Did I ask for your opinion?

Posted Thursday 3rd October 2013   By Ericka Waller

So the BBC have been debating why some parents do not welcome advice from non-parents. I can tell you the answer right now, it’s because it’s none of their business. That said, nor is it the business of fellow parents.

I could not care less how other people parent. I don’t care if they breast or bottle fed, or how long they breastfeed for. (My only exception to this is that documentary about the woman breastfeeding an eight-year-old and that magazine article about a woman who breastfed her dad.)

I don’t care if other parents let their baby sleep in bed with them. I don’t care when they weaned their kids, and if they used pureed food or went down the ‘baby-led‘ route.

I don’t care what washing powder they use. I don’t care about the colour or texture of other babies’ poo. I don’t care how well they sleep at night or if they have a dummy or not.

The fact that someone else is also a mother or father does not mean that:

A: I will have anything in common with them
B: It’s appropriate/welcome/acceptable to give me unsolicited advice about my children or my parenting techniques (slightly ambitious use of the word technique. Parenting attempts probably more realistic)
C: It’s OK to judge me (and of course vice-versa)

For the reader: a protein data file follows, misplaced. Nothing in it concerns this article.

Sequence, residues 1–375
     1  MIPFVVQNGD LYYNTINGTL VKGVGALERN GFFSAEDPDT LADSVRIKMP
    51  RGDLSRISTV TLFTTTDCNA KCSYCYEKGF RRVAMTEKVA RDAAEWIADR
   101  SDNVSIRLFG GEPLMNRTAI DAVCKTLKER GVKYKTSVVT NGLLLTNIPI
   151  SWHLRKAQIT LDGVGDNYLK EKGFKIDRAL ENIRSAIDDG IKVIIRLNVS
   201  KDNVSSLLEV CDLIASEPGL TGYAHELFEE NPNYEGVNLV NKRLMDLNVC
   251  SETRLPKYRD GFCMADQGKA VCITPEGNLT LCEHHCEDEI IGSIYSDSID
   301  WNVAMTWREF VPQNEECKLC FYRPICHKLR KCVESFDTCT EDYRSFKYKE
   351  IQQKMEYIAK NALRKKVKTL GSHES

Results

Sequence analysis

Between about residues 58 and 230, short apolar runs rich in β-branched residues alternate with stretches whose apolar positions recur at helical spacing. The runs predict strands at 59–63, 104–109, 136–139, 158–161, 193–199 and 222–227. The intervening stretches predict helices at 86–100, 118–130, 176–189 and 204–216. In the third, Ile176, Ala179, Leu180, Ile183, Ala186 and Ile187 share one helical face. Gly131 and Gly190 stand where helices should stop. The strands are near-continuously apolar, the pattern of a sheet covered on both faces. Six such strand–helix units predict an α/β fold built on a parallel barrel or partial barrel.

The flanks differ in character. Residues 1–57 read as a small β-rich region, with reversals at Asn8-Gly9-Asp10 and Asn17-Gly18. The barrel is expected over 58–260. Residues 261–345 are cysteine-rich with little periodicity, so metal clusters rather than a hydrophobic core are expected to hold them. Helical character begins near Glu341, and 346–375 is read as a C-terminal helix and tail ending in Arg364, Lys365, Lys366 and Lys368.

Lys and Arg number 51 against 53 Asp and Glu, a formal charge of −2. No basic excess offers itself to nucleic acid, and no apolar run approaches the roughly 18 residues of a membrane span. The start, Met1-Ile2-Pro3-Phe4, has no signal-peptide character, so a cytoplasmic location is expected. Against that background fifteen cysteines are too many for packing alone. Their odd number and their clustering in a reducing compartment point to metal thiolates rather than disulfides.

Don’t get me wrong. I do sometimes ask other parents for advice. Normally though, it goes like this.

Me: Does anyone else’s kid poo somewhere in the house then draw a map to show how to find it?
Other person: No. My children were all potty trained perfectly by 18-months.

Me: Do you notice that your children bite each other more when it’s a full moon?
Other person: No. My children are very sensitive to each other’s needs. Perhaps it’s because you had them so close together?

Me: Is it OK for a child to exist on a diet of party sausages and strawberry lip balm?
Other person: No. My children all live on the organic food we grow ourselves. They would not know how to open a packet.

Me: Is it normal for a child to beg to sleep in the dog cage (and drink out of his water bowl?)
Other person: No. There is something wrong with your kids.

In my experience, when it comes to parenting, a problem shared is not a problem halved. It’s a chance to brag about your own child and wonderful child-rearing skills.